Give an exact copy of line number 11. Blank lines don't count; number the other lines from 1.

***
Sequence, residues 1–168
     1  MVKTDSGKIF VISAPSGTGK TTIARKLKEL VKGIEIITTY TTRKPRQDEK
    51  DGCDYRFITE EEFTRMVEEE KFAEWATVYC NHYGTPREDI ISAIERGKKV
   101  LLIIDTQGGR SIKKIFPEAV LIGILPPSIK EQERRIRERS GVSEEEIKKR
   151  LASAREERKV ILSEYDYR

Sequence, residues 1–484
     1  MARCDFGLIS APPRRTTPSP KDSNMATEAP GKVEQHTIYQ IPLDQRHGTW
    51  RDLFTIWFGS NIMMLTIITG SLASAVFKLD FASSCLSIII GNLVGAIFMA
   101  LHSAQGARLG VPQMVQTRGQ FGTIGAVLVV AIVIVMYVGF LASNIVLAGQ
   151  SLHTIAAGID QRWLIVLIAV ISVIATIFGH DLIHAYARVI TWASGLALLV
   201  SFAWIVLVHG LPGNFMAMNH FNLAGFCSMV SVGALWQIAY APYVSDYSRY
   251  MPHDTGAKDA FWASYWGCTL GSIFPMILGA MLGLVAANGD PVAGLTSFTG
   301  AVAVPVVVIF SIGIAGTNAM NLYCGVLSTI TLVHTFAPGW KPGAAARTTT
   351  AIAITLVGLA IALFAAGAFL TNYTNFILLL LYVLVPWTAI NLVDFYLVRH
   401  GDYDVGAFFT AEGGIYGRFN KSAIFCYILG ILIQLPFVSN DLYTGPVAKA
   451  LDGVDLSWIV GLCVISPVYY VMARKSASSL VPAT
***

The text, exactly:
   201  SFAWIVLVHG LPGNFMAMNH FNLAGFCSMV SVGALWQIAY APYVSDYSRY